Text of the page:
Accountants have until late October to take part in a review of a fundamental, global standard for revenue recognition.
Launched on 29 June by the International Accounting Standards Board (IASB), the review is seeking professionals’ thoughts on the effectiveness of IFRS 15, which sets terms for how accountants must recognise, measure and disclose revenue stemming from businesses’ contracts with their clients.
Implemented in 2018 following joint work between IASB and the US Financial Accounting Standards Board, IFRS 15 replaced a patchwork of previous standards and set out to simplify this area of accountancy under two innovations.
Firstly, it established the core principle that recognition must depict the transfer of promised goods or services to the customer in a quantity that reflects the payment to which the supplier expects to be entitled.
Secondly, it introduced a five-step model to support that principle, requiring accountants to:
- identify the contract(s) with the customer in question;
- identify the performance obligations in the contract(s);
- determine the transaction price;
- allocate the transaction price to the contract’s performance obligations; and
- recognise revenue when (or as) the entity satisfies a performance obligation.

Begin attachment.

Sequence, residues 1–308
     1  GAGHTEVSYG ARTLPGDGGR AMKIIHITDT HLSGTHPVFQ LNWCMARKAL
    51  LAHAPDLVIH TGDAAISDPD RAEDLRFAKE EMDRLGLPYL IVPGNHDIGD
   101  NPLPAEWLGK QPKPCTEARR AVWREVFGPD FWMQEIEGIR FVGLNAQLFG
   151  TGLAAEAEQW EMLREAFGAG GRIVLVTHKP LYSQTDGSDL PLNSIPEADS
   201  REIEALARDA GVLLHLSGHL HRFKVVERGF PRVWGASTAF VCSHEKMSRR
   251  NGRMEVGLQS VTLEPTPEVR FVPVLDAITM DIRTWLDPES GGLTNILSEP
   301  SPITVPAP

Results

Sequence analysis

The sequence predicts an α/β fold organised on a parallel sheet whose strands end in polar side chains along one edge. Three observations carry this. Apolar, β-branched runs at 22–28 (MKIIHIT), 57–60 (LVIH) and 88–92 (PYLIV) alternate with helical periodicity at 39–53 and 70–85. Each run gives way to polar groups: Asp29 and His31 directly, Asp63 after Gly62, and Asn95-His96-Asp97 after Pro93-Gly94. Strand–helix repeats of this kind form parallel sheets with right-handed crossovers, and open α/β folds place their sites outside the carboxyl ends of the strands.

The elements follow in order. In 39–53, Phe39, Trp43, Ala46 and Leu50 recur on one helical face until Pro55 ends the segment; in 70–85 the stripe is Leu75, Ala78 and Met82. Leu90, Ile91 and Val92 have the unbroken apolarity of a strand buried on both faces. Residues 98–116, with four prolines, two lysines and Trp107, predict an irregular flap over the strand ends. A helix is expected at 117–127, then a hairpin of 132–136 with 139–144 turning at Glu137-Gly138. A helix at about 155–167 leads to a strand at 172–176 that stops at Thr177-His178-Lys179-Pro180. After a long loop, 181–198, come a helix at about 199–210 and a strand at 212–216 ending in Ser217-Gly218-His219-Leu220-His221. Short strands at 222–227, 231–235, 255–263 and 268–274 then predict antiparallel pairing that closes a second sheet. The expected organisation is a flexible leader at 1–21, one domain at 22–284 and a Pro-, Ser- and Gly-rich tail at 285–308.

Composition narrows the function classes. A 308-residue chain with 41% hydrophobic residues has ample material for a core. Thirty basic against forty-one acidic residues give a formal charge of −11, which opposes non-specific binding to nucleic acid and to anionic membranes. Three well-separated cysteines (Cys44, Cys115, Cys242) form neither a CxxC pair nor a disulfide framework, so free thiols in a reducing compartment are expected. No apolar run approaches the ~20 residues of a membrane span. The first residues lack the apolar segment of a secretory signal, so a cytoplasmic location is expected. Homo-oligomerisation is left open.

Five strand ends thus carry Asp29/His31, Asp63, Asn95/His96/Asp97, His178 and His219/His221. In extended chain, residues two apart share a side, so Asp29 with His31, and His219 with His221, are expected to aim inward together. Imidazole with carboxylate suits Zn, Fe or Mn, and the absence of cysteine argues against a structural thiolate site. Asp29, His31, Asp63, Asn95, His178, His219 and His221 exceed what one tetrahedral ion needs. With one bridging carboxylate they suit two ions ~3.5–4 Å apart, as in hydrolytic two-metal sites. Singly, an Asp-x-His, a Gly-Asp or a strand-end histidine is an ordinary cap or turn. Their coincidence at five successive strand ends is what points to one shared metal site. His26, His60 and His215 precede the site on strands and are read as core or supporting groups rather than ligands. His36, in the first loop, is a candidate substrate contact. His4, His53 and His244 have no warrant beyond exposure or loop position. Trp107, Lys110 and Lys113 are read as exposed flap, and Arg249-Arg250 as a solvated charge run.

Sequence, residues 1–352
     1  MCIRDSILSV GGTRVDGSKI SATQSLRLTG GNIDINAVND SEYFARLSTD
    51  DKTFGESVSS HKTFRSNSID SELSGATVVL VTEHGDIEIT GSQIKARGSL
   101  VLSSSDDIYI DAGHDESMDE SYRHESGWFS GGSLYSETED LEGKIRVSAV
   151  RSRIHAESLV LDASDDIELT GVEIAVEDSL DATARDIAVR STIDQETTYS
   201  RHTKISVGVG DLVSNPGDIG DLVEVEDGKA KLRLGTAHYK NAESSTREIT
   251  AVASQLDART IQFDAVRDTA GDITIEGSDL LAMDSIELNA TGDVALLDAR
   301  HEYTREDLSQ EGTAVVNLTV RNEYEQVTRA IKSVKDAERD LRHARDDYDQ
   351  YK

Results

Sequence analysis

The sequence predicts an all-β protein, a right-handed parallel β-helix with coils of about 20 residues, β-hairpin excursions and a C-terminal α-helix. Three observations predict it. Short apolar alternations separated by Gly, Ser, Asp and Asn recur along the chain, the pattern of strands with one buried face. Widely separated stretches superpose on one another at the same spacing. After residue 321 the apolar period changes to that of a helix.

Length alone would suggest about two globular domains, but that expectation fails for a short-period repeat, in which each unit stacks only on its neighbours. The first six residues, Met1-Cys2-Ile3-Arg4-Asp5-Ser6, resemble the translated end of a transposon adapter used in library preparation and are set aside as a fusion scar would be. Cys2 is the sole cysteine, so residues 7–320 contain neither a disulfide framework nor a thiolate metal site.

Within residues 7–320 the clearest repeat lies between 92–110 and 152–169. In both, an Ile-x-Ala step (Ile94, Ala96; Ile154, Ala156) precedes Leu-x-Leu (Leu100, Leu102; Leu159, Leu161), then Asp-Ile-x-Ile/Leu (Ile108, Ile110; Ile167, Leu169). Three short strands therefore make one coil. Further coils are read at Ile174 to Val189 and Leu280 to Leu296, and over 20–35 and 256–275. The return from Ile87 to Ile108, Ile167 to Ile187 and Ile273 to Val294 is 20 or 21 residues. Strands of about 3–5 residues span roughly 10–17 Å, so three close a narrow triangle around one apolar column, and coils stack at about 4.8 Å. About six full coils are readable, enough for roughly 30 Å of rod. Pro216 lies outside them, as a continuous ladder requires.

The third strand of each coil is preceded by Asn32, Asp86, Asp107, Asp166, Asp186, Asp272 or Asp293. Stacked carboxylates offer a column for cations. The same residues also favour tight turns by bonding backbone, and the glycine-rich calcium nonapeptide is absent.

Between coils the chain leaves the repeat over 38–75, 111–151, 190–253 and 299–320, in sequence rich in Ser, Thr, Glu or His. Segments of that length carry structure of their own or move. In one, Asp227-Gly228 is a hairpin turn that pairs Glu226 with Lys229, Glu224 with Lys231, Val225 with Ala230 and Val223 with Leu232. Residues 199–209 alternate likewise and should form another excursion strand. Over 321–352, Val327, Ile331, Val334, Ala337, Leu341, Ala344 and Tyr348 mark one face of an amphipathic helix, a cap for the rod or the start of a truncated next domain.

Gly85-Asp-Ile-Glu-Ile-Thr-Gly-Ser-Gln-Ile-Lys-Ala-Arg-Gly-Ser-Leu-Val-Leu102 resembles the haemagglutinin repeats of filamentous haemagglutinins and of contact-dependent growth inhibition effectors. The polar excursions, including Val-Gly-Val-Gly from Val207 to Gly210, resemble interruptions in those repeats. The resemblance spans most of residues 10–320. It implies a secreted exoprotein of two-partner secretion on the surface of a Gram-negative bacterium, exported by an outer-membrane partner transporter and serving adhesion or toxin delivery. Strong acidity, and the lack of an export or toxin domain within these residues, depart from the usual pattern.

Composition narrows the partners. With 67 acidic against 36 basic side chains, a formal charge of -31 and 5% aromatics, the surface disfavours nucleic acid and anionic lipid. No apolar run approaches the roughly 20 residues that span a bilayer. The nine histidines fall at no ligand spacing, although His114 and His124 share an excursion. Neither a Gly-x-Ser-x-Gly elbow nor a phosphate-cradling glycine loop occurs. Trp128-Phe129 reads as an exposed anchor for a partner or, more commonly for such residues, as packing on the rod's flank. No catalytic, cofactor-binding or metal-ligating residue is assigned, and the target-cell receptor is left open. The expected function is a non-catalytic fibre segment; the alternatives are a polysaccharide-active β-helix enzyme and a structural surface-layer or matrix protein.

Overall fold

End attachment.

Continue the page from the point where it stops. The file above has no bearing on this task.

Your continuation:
In its consultation paper, the IASB notes that the previous standards had limited revenue recognition requirements – in particular, on key topics such as accounting for multiple-element arrangements and allocating payment accordingly.
By providing a comprehensive, robust framework, the IASB expected to drive consistency in companies’ revenue accounting, with the aim of improving financial reporting as a whole. It also expected the standard’s benefits to be ongoing, to justify the implementation costs that companies would incur while transitioning from the old measures.
In the years since IFRS 15 took effect, the paper explains, the IASB has already picked up initial feedback from stakeholders. Overall, the majority agree that the benefits of IFRS 15 outweigh the costs of implementing and applying it, and their general view of the five-step model is that it is particularly helpful as a robust basis for analysing complex transactions.
Stakeholders also credit the standard for improving comparability of revenue data among companies in the same sectors – as well as among sectors, and between companies in various capital markets.
Some stakeholders mentioned that implementing IFRS 15 has provided them with better knowledge of their client contracts, improved internal controls and enhanced cooperation between corporate accounting and business functions. While many observed that applying IFRS 15 was initially challenging, their companies have now developed accounting policies around the standard – so some have cautioned the IASB against making any fundamental changes to it that would lead to further disruption.